Cool debater Clegg helps Britain's also-ran party

Cool debater Clegg helps Britain's also-ran party

Lib Dems surge to top after stellar telly performance by their leader

Cool debater Clegg helps Britain's also-ran party

Clegg, leader of the Liberal Democrats, perennial also-rans in the three-party contest that has dominated British politics for decades, has been buoyed by polls suggesting that last week’s first-ever televised debate between candidates for prime minister lifted his party into close contention with Labour and the Conservatives.

The election was already considered too close to call when it seemed likely to be a two-horse race between Labour and the Conservatives. Now, with some surveys showing the Liberals and Conservatives neck-and-neck and Labour trailing by a few points, political commentators are starting to say that the televised debate had the effect of a political volcano, remoulding the electoral landscape.

Clegg, a trim, tall, multilingual 43-year-old in a well-tailored suit, is nothing if not cool, the quality that appears to have transmitted itself to the television audience. True to form, he insisted as he travelled to one of the constituencies in the west of England that have long been sympathetic to the Liberal Democrats, that he was not going to allow the polls to turn his head.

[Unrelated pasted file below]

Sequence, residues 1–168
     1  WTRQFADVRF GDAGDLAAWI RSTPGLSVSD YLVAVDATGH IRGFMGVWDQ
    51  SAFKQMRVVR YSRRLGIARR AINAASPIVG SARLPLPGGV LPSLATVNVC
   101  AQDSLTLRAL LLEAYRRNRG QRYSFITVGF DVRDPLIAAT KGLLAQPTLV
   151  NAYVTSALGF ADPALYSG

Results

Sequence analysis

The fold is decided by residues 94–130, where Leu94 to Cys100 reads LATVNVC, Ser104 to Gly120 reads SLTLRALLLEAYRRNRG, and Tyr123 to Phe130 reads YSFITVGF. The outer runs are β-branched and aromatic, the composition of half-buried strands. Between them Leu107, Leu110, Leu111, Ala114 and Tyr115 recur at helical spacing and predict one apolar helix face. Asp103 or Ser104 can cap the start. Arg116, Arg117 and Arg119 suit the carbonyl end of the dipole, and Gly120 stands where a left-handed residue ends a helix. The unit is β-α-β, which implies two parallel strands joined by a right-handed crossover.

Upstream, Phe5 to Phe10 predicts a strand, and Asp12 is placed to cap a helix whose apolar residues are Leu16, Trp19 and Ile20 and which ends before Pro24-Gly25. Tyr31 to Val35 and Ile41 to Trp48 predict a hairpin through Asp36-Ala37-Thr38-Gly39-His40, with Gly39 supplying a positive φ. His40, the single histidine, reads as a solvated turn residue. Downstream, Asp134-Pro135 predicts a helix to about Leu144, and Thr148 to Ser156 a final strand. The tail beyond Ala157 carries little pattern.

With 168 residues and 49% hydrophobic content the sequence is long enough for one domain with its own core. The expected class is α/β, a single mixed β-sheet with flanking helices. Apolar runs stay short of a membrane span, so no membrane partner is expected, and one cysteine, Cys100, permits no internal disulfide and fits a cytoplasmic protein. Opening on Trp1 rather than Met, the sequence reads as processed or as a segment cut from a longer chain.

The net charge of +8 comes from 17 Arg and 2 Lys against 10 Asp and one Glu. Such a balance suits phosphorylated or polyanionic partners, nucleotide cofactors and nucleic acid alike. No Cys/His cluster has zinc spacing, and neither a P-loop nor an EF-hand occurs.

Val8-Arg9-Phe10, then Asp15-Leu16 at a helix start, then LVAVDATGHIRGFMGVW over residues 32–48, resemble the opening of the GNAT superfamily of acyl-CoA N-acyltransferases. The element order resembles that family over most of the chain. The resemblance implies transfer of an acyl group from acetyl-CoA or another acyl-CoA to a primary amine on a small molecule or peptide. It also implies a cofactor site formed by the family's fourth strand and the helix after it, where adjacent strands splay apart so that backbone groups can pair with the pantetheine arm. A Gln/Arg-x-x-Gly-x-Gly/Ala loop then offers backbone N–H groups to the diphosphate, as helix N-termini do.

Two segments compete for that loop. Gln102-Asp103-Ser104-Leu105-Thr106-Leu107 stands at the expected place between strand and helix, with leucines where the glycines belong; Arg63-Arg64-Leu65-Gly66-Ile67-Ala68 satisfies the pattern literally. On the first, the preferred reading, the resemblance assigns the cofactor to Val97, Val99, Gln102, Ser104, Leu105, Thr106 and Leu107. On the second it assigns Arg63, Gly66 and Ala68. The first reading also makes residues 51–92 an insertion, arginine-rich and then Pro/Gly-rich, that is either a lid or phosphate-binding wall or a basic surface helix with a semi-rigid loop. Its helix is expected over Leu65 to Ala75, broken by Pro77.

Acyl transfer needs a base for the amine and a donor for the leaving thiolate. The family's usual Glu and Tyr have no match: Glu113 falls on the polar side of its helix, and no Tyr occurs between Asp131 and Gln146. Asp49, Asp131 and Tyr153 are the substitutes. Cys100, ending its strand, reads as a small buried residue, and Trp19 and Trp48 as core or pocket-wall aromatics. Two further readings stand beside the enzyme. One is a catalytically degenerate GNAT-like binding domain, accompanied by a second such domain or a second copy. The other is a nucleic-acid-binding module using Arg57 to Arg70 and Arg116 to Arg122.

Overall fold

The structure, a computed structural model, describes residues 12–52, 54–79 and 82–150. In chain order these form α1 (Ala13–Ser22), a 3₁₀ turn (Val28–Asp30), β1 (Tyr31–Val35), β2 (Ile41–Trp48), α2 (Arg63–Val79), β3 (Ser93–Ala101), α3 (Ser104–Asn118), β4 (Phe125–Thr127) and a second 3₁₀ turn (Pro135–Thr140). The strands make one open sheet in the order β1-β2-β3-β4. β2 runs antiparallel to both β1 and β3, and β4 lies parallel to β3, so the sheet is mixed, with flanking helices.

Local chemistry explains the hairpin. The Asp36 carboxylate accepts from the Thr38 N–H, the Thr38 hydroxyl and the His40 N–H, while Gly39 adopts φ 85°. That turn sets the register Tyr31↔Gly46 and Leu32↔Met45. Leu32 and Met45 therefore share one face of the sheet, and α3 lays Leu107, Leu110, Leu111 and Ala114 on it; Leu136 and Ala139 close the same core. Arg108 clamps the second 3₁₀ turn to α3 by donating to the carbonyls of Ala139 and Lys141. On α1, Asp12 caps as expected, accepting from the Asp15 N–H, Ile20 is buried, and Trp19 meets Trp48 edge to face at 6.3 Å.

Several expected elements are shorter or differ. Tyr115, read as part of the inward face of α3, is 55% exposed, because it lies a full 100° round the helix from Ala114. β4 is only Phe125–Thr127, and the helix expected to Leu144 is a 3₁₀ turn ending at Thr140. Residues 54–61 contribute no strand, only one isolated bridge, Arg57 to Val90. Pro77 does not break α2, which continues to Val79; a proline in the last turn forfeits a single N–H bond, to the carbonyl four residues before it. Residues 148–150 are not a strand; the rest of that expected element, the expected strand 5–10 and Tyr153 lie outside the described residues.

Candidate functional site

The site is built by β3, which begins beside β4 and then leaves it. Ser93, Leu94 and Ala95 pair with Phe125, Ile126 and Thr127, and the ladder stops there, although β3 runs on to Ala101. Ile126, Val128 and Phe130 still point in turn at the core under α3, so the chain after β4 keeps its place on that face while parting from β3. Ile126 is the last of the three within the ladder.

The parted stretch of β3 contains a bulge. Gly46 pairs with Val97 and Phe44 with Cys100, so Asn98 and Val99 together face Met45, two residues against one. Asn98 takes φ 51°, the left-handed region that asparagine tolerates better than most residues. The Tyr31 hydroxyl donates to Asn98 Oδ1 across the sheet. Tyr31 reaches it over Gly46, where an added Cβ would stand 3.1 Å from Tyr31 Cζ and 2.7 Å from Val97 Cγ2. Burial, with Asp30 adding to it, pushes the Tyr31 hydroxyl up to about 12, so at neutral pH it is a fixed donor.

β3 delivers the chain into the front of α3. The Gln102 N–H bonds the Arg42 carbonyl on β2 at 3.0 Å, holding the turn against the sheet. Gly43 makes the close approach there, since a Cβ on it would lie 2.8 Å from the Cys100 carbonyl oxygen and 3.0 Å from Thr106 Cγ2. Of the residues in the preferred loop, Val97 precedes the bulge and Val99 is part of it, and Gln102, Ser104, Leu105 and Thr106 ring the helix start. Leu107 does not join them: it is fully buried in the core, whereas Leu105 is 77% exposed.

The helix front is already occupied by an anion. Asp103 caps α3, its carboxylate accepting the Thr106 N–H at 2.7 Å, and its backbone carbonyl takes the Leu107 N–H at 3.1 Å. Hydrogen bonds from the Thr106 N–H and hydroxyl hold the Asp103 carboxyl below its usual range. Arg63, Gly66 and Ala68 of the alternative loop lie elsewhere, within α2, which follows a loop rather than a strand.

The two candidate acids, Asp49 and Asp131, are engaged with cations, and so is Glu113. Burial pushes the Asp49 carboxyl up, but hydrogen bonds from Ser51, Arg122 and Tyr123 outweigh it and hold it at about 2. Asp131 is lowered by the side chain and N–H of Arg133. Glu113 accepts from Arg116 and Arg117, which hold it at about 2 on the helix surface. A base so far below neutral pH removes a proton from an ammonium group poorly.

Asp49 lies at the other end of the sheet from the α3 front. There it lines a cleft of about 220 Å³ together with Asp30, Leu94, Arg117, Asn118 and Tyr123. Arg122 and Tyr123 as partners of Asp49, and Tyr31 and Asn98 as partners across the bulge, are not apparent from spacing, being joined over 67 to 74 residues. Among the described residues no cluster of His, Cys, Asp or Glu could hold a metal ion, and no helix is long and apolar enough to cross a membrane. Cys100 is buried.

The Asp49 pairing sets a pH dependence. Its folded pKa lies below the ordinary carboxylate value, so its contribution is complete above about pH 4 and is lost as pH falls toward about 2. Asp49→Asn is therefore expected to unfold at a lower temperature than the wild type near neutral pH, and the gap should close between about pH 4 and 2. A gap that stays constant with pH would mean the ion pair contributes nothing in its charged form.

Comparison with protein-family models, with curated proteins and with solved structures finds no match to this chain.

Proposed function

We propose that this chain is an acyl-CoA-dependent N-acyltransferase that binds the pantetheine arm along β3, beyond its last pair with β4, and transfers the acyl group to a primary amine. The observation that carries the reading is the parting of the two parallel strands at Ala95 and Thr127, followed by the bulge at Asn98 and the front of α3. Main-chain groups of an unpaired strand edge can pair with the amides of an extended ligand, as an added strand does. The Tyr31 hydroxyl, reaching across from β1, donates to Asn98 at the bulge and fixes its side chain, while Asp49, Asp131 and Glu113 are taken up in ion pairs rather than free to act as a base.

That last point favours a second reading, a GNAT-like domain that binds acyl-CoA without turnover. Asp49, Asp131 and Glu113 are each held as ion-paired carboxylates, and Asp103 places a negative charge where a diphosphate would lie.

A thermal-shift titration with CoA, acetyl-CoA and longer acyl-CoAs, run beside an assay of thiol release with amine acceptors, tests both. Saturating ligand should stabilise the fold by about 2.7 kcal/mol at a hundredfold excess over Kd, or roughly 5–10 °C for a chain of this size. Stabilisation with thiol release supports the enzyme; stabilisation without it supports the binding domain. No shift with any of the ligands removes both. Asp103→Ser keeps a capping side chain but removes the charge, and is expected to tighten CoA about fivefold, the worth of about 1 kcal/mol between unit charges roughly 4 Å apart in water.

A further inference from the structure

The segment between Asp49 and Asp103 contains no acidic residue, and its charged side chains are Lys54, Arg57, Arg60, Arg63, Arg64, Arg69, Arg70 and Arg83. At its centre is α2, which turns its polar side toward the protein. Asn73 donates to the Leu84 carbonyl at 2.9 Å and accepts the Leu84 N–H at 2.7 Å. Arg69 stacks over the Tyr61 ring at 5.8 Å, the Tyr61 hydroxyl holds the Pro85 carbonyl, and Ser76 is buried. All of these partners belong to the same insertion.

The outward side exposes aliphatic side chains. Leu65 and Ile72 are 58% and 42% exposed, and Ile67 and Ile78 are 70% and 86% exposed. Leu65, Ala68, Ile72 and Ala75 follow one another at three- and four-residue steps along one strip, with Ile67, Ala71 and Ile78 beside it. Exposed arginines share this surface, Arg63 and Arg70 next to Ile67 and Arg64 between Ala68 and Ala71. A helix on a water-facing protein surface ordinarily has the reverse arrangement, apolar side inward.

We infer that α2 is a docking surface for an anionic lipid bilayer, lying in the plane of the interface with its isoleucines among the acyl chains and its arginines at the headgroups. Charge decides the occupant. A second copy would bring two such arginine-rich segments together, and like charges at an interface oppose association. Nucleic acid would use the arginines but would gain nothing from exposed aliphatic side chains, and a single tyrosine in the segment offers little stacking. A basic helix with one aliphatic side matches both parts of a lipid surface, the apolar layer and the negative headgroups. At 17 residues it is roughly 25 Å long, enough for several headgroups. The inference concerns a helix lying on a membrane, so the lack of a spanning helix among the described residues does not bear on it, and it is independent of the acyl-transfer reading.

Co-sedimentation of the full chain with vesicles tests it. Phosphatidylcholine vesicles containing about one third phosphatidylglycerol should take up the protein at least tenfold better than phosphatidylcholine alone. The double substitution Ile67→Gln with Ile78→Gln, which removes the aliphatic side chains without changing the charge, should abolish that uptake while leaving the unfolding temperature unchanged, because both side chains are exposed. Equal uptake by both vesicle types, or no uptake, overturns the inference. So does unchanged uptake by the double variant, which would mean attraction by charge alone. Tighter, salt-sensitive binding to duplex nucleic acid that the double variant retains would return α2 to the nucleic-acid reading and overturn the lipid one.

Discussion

When asked in an interview aboard the train what he thought of comparisons to Barack Obama’s 2008 presidential campaign, Clegg laughed. He said that any grand analogies — with Obama, with former prime minister Tony Blair in Labour’s landslide election victory in 1997 or with Winston Churchill, to cite three comparisons made by British newspapers at the weekend — were “daft.”

“Some of these claims are absurd,” he said. “I have my flaws and failings, but I’m sufficiently in touch with reality to know that what goes up can come down. The further people push you up, the further you have to fall. That’s the law of gravity.”
Clegg appears to be riding a maelstrom of voter disgust with the established parties. He is betting that one element of Obama’s winning formula — the re-engagement of millions of young people — could be at work here.
The New York Times

Record number of Asians in race

A record 89 candidates of Asian origin are in the fray for Britain’s May 6 general election, PTI reports from London. Valerie Vaz, sister of prominent Goa-origin Labour MP Keith Vaz, is among the candidates of Asian origin contesting the election.